An Article In Meteorite-Times Magazine
by Tom Phillips

Guess The Classification

Many people dismiss unclassified meteorites as uninteresting. I would argue the opposite. They hold the prospect of discovery for the average meteorite collector who doesn't have the opportunity to collect in the field.

Many times I have selected meteorites out of the same shipment that looked to be paired only to cut them and find two drastically different materials. Even after examination with a cross polarized light stereo microscope and magnets. You seldom can tell what it will look like inside, until it is cut. An uncut meteorite is still a mystery.

My interest in meteorites has led to my interest in microscopes. I have purchased micros of every type of meteorite material I can find. It is a fun challenge to attempt to match up the unknown with a sample of what is known. I would never "self classify" and I am not recommending that. All I am saying is it is fun. It will teach you more about recognizing meteorite structure than looking in a book.

This meteorite is one I have examined and am unsure about. I have sent a sample to NAU for classification but it is still in the pipe line. One broken (two pieces) stone has a weight of 5.3 Kg and I have pulled together an other 3.5 Kg of fragments for a total of 8.8 Kg.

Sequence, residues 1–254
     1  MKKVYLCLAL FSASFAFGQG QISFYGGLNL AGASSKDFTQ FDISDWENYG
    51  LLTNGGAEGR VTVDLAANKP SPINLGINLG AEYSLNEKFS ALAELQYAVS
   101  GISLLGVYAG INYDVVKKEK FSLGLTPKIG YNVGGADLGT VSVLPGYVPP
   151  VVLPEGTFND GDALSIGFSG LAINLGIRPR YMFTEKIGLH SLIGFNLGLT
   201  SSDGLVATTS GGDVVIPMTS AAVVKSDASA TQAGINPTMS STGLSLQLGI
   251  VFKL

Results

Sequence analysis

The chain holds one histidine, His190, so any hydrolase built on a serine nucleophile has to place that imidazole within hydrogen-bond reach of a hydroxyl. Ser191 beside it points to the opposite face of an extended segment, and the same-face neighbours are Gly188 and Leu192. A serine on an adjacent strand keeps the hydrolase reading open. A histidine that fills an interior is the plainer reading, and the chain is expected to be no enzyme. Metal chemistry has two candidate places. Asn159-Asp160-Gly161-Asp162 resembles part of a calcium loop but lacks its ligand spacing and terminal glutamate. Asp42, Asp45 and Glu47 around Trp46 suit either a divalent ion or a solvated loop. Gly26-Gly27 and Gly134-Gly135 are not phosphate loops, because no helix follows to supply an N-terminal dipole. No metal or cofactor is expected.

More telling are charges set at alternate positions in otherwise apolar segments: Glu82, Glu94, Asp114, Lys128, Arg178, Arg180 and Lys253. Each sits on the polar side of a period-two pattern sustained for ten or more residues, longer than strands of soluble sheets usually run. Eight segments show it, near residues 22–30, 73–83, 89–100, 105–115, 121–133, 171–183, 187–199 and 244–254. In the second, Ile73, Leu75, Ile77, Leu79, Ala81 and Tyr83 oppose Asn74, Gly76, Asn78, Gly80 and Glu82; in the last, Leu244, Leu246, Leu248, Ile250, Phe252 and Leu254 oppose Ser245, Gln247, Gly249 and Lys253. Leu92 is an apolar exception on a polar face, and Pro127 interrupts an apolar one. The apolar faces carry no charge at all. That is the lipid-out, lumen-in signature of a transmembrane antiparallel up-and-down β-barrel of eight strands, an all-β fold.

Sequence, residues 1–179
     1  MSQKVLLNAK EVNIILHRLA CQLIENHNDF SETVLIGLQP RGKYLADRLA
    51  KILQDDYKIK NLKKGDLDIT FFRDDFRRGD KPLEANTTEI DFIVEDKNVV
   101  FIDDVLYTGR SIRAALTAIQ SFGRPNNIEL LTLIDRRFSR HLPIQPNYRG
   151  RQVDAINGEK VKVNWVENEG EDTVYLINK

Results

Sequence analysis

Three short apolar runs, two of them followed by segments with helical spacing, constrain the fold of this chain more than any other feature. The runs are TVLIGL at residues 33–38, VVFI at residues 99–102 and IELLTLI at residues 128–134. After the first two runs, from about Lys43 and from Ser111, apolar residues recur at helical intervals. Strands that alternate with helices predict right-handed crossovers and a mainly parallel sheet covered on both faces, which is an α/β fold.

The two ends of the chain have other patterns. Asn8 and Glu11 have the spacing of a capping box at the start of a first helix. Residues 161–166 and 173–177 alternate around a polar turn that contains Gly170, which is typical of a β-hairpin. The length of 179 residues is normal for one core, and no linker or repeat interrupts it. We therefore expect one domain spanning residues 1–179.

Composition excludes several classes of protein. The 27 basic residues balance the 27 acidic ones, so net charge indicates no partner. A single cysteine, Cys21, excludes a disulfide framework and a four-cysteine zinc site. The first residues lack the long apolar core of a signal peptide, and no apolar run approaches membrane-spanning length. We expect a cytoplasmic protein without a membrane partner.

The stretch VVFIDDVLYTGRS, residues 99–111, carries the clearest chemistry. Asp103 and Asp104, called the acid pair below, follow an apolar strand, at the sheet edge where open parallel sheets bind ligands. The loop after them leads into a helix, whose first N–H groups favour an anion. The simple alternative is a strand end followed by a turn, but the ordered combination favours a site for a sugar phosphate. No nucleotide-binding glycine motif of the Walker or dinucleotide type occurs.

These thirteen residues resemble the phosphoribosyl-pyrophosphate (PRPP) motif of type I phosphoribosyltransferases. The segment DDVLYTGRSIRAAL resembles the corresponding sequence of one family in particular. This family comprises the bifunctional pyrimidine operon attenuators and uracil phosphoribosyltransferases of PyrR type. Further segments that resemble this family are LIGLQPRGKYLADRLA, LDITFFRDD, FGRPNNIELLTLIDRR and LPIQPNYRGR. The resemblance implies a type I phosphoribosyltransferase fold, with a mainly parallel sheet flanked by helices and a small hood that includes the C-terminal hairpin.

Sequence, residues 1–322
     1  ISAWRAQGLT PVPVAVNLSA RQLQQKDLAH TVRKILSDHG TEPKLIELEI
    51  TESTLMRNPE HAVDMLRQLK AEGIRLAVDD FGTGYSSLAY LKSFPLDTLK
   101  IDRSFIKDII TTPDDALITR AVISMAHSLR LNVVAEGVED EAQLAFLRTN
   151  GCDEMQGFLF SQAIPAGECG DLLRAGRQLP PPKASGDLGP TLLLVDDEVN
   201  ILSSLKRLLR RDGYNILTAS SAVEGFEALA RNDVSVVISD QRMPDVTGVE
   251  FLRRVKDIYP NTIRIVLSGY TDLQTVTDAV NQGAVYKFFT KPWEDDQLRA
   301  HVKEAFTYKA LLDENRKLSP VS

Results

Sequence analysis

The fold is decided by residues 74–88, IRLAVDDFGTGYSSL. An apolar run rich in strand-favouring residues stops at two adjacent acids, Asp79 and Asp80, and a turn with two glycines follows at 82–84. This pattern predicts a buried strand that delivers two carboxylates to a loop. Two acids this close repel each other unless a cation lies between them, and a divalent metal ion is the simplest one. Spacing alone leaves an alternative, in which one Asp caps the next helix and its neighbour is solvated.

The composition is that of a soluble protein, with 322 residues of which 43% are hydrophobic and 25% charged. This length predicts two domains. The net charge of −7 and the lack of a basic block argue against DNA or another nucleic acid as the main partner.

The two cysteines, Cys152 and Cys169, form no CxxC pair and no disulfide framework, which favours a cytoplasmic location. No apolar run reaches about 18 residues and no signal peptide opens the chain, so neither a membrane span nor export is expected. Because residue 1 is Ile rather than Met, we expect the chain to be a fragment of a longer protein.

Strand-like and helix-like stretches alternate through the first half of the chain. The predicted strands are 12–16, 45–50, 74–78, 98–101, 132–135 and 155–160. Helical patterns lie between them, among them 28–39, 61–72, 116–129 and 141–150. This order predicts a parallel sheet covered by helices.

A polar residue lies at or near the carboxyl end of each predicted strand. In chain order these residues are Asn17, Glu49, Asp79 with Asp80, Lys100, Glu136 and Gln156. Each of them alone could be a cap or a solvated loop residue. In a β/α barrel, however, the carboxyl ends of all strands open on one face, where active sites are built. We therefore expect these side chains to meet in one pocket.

The magnetic attraction is very low. A known LL of similar thickness will pull a magnet off of this material.


There is very little visible iron and large but sparse chondrule/inclusions.

This photo was taken with a stereo microscope at a magnification of 15X in cross polarized light.

The following micrographs were taken using an aus Jena Neophot at a magnification of 345X in cross polarized light. There is some beautiful structure and I was able to find a barred chondrule and some shock veins. If you have ever seen a similar meteorite, let me know what you think it might be. I'll let you know what it is classified as soon as it is available.


Tom Phillips can be reached by email at:

Meteorite Photos and Images
The Tom Phillips Microscopic Meteorite Photography and Gallery